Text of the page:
Many diseases such as stroke, diabetic retinopathy, atherosclerosis, restenosis, and cancer have known connections to vascular dysfunction and in particular targeted disruptions in mural cell (MC) support of blood vessels. MCs are a perivascular cell population that provides structural support to EC tube networks, and can be split into subclasses—including smooth muscle cells and pericytes. EC-MC interactions are known to be critical in stabilizing the vasculature by helping to withstand forces such as high shear stress/pulsatile pressure exerted on the vessels from blood flow coming out of the heart. MCs also promote barrier function at the blood brain barrier (BBB). Despite the critical nature of these cell-to-cell interactions, much more is known about genes regulating EC versus MC function, even though multiple vascular diseases have clear links to MC dysfunction. Therefore, understanding of how normal MCs function is critical to effectively develop specific therapeutics targeted at prevention and treatment of disorders.
The labs long-term research interests center on understanding MC biology during development and disease. We use zebrafish—a genetically accessible model system—coupled with in vitro 3D modeling assays, to study MC development and behavior. Zebrafish as a vertebrate model organism offer several advantages for the study of vascular development—including external fertilization, proper embryonic growth in the absence of functional vasculature or blood flow, and importantly optical clarity for live confocal and light sheet imaging.
The field remains largely uncharted giving us the unique opportunity to exploit newly developed tools to broaden the understanding of MC biology and the mechanisms regulating their behavior. Research in the laboratory aids in the understanding of developmental processes regulating MC function and in turn 1) provides a broader understanding of how blood vessels are assembled; 2) defines genetic pathways critical for MC function; and 3) provides a platform to assess dysfunction in EC-MC interactions during disease.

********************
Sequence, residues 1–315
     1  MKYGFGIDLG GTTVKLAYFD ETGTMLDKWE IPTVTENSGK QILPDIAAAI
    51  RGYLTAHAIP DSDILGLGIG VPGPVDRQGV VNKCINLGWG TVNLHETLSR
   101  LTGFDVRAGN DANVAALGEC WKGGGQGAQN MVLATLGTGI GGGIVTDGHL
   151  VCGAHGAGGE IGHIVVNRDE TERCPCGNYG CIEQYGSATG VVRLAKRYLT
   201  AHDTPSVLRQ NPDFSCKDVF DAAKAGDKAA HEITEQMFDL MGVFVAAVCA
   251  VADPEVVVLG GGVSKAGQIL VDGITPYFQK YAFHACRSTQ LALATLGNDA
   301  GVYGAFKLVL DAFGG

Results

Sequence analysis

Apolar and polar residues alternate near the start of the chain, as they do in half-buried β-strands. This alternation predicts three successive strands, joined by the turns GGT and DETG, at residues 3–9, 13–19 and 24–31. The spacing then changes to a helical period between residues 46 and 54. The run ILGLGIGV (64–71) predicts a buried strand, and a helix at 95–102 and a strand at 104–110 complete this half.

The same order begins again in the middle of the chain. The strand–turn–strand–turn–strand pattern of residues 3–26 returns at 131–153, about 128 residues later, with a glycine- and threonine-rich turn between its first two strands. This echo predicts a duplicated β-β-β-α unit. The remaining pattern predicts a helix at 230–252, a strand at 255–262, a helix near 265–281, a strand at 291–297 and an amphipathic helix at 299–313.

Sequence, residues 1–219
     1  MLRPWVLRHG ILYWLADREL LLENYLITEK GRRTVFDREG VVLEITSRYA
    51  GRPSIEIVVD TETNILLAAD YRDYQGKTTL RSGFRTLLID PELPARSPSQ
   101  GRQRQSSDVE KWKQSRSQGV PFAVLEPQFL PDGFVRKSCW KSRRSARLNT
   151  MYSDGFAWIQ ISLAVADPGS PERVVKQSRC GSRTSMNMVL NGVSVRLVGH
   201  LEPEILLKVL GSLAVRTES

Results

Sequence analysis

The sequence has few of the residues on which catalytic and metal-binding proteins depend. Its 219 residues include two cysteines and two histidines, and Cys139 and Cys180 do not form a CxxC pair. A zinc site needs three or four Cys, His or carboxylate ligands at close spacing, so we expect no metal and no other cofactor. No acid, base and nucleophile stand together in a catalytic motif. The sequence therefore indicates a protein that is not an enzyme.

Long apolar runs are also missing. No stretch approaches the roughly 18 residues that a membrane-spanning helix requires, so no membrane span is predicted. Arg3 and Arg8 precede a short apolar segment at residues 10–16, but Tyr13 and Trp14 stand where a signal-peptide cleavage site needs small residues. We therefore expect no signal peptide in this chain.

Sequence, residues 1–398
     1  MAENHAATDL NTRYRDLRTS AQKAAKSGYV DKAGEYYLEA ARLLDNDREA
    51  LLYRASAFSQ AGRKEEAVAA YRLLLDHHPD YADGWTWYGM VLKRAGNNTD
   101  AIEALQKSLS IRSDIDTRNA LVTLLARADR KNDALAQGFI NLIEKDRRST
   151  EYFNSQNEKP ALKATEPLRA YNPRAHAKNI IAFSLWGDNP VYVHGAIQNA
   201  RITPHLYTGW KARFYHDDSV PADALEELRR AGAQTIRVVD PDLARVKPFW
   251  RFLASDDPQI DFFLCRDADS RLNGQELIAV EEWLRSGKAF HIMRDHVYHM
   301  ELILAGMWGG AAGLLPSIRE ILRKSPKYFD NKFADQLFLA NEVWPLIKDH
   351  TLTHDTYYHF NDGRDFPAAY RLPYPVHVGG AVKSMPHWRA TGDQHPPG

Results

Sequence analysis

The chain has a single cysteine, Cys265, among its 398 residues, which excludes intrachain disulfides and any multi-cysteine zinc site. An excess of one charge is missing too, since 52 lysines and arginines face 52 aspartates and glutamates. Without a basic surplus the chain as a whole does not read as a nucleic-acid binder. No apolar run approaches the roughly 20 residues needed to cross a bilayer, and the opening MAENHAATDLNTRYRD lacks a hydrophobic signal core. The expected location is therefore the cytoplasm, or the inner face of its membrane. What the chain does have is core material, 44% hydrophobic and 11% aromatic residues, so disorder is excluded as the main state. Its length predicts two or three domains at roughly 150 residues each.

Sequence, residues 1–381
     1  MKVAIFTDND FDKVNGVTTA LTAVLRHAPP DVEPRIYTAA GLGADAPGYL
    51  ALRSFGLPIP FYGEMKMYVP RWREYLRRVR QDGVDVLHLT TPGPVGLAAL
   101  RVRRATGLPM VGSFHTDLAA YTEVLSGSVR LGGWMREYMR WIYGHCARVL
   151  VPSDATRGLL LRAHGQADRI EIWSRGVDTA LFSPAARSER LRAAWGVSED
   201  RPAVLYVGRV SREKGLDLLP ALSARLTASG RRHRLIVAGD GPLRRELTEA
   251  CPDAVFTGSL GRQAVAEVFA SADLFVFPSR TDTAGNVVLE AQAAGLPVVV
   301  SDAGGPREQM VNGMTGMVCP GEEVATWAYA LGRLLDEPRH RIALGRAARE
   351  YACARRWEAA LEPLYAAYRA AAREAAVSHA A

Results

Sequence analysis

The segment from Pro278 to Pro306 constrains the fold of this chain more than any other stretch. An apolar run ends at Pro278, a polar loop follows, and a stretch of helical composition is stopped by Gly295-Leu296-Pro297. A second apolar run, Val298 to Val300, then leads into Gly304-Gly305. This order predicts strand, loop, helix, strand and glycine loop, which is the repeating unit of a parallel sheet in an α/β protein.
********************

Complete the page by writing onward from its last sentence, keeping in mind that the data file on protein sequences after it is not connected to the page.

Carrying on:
The lab has significant interest in understanding how sensing of forces—such as shear stress and axial strain—by vessels alters their development and stabilization. To this end, we study a number of genetic regulators of this process:
The lab has significant interest in how ion channels respond to mechanical inputs, and if changes in ion channel function alter mural cell association and targeting to vessels. To this end we study a series of ion channels—both independently and in collaboration—to parse apart this process. Our current focuses are on Piezo1, TRPM4/5, and SWELL channels. The goal is to understand how these channels interface with transcriptional programs in cells to alter their cell fate, differentiation, and motility choices.
We have a focus in the lab on the role of primary cilia on vascular development. We hypothesize that endothelial cilia sense blood flow to influence MC recruitment to the developing vasculature. Intriguingly, we detect endothelial cilia mainly on the abluminal side of the large vessels in early-stage zebrafish embryos, suggesting that cilia may sense blood flow at this timepoint through cyclic stretch as opposed to shear stress. Our objectives through these studies are to determine the orientation and distribution of endothelial cilia, to demonstrate how they respond to blood flow forces during development, and to define cilia linked signaling mechanisms directing cardiovascular stabilization.
The requirement of mechanical forces for cardiovascular remodeling events in both the heart and large blood vessels has been studied for decades; however, significant opportunity remains for the identification of novel signaling pathways that can integrate force with changes in cellular activity. Capitalizing on the use of ribosomal profiling tools in the zebrafish (TRAP-Seq) to isolate cell type specific translating mRNAs, we have identified CXCR3-CXCL11 as a novel candidate pathway in endothelial cells that serves this function. As a chemokine receptor-ligand pair, CXCR3-CXCL11 is typically studied for its role in promoting the adaptive immune response. However, we describe a role for this pathway in regulating endothelial cell function directly by delimiting cardiovascular outgrowth.
We recently identified a novel zebrafish mutant in the exon 12/13 splice acceptor site of dync1li1 that C-terminally truncates the protein, leading to an increase in blood vessel growth. Dynein cytoplasmic 1 light intermediate chain 1 (dync1li1) is a core member of the dynein motor complex, and defects in this gene are predicted to alter Rab binding capacity and cargo trafficking. The domain structure of Dync1li1 allows it to interact with cargo adaptors while simultaneously being integrated into the dynein motor complex. These adaptors are multifunctional proteins that serve as docking sites for other proteins to control endosome targeting. We are interested in how changes in Dync1li1 protein structure modify cargo selection and transport to alter angiogenesis and blood vessel development.